“Locked out!” The screen screamed at me and I groaned. I was only trying to order next week’s school lunches, online for my children. I had to start work very early for the next few days and not packing school lunches would make my mornings easier in the rush. “No problem” I thought, as I clicked on ‘Forgot Password’ and the message told me that a ‘Reset Password’ link had been sent to my registered email. I realised it was an email address I did not use frequently. I went to the email to retrieve the reset link for the canteen password but after several attempts to login, the email locked me out. Yes, you guessed it – wrong password. But I had registered another email for emergencies just like this. I went to that email and tried to login, to get the forgotten password for the first email that would give me a reset link for the school canteen password. This second email login was even smarter and kept telling me that either the user name or the password was incorrect. What? Now the login couldn’t remember what I had got wrong? Or maybe even the login couldn’t remember!!
But wait… wait… I had thought of this too. I have written down all the email user names and passwords on my old phone. Why didn’t I think of this earlier? It was all there, no panic. I know, they tell you NEVER to write down these things and that only makes me do it, straight away. I got out my old phone but it was out of charge. I plugged it in and a few minutes later it came to life, the still-charging battery winking at me cheerfully. I tried to get to my ‘Contacts’ list and now this phone wanted a … PASSWORD! I had put in that password (which by the way, I can’t remember now) since I was writing down all my user names and passwords that they tell you never to write down. The still-charging battery was no longer winking cheerfully, it seemed to be mocking me!!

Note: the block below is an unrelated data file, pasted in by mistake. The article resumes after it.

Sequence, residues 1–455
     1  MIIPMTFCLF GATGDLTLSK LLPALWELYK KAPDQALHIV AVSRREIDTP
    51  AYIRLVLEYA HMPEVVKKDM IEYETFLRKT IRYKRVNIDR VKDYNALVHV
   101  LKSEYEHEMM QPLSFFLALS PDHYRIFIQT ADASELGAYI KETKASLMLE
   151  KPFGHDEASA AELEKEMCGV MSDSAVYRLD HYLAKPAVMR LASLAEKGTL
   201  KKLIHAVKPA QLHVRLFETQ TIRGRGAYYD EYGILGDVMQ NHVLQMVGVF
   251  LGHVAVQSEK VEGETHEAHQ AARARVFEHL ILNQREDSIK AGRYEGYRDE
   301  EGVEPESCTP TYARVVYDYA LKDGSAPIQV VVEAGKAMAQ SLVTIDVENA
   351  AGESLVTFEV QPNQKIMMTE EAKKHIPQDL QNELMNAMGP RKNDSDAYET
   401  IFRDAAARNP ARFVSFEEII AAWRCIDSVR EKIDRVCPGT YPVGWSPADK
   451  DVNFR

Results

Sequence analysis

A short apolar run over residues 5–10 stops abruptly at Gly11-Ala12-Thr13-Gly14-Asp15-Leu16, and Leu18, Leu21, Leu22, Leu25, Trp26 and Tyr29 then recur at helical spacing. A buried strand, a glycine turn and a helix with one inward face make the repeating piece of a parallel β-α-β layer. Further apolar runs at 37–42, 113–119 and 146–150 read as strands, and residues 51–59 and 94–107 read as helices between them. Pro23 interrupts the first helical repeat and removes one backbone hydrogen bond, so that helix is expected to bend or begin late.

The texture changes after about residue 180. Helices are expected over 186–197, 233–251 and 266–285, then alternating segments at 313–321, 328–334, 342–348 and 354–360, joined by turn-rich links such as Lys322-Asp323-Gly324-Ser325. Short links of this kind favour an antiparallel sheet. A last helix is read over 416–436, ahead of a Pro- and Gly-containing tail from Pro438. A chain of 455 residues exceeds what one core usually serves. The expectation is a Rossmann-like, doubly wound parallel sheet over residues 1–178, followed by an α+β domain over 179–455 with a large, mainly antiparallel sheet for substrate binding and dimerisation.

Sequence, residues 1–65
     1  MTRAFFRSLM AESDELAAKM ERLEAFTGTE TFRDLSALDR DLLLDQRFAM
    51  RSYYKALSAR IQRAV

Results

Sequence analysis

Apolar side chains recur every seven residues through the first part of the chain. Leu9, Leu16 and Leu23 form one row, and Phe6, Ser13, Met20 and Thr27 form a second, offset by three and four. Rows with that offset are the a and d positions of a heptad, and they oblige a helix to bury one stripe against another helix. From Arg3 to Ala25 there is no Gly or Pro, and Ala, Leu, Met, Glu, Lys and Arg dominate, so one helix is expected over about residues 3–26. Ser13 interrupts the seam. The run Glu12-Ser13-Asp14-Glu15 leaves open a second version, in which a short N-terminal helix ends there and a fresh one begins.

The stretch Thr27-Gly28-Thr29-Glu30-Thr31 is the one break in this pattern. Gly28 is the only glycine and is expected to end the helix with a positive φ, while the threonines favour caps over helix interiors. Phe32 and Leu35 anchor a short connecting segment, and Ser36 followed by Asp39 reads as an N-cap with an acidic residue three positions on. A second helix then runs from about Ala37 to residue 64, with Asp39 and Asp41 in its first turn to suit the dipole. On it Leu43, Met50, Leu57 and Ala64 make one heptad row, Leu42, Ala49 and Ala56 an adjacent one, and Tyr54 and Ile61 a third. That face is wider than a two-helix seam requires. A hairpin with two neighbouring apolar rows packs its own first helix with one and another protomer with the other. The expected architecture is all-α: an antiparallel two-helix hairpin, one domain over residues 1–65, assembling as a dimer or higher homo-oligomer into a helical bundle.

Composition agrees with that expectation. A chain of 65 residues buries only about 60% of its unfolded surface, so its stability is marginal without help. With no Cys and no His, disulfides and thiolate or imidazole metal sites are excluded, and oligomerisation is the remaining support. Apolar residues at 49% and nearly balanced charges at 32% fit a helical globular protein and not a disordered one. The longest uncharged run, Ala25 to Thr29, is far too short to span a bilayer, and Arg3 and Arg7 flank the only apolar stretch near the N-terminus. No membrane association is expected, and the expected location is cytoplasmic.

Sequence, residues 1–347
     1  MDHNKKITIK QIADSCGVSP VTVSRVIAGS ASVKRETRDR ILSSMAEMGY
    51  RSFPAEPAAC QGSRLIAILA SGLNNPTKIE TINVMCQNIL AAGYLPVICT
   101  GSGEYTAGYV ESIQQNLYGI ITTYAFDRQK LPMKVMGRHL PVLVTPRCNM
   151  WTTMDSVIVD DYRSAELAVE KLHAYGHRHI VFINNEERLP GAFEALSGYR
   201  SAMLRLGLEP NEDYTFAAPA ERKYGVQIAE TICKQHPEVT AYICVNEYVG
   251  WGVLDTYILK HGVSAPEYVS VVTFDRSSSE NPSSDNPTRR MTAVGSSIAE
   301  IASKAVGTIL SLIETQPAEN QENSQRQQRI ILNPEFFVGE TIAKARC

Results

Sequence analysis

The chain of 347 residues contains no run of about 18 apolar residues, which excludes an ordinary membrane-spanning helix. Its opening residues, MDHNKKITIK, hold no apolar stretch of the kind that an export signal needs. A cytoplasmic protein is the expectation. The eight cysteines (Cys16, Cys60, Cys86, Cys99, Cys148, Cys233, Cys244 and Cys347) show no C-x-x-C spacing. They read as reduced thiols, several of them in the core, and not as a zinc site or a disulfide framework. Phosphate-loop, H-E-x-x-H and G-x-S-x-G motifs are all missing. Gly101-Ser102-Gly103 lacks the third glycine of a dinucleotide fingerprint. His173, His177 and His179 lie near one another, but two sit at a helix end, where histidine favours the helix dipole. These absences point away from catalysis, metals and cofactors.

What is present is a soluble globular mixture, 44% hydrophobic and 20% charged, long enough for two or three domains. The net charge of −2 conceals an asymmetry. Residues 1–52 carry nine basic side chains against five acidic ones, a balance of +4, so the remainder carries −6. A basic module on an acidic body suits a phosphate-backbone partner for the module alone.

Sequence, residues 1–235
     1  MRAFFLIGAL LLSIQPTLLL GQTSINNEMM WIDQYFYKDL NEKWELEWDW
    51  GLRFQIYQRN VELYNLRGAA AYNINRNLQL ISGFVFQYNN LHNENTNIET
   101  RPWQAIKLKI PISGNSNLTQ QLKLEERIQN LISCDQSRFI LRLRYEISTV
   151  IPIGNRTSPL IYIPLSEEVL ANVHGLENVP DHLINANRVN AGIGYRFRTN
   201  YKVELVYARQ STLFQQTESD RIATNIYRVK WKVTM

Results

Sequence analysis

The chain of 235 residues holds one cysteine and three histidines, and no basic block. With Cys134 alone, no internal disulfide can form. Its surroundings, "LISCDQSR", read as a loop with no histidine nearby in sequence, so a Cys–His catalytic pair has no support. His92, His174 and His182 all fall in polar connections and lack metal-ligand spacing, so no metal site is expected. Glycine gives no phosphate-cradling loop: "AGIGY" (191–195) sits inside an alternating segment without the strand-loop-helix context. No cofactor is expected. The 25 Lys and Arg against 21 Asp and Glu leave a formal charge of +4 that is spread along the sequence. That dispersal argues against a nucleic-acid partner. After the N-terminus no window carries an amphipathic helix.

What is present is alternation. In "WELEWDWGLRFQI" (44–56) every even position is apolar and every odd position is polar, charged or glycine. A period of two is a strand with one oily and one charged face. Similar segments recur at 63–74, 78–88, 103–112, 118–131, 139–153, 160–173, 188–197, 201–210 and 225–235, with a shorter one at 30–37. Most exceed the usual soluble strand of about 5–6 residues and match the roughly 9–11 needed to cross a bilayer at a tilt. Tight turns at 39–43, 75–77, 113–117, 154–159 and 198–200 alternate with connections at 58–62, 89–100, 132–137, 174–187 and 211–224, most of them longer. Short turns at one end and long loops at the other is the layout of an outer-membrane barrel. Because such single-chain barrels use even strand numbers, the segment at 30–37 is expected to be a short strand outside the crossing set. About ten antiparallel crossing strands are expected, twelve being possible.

I was swearing like a trooper and nearly threw the phone across the room but remembered just in time that I still had to transfer its information to my new phone. “So deep breaths and think calmly,” I said to myself, “..there’s always more than one way of doing things.” I now decided to do some online banking and top up the children’s canteen debit cards with money. They were old enough to choose something for lunch. “Wait! Don’t be judgmental. I absolutely knew this login AND password.” I went into the account and transferred enough money to both canteen cards so my children could eat lunch at school not just for a week but for a whole month. I had redeemed myself and felt very pleased until I got a text from my offspring at school lunch time the next day:
“Mum, do you remember the password for our canteen cards?”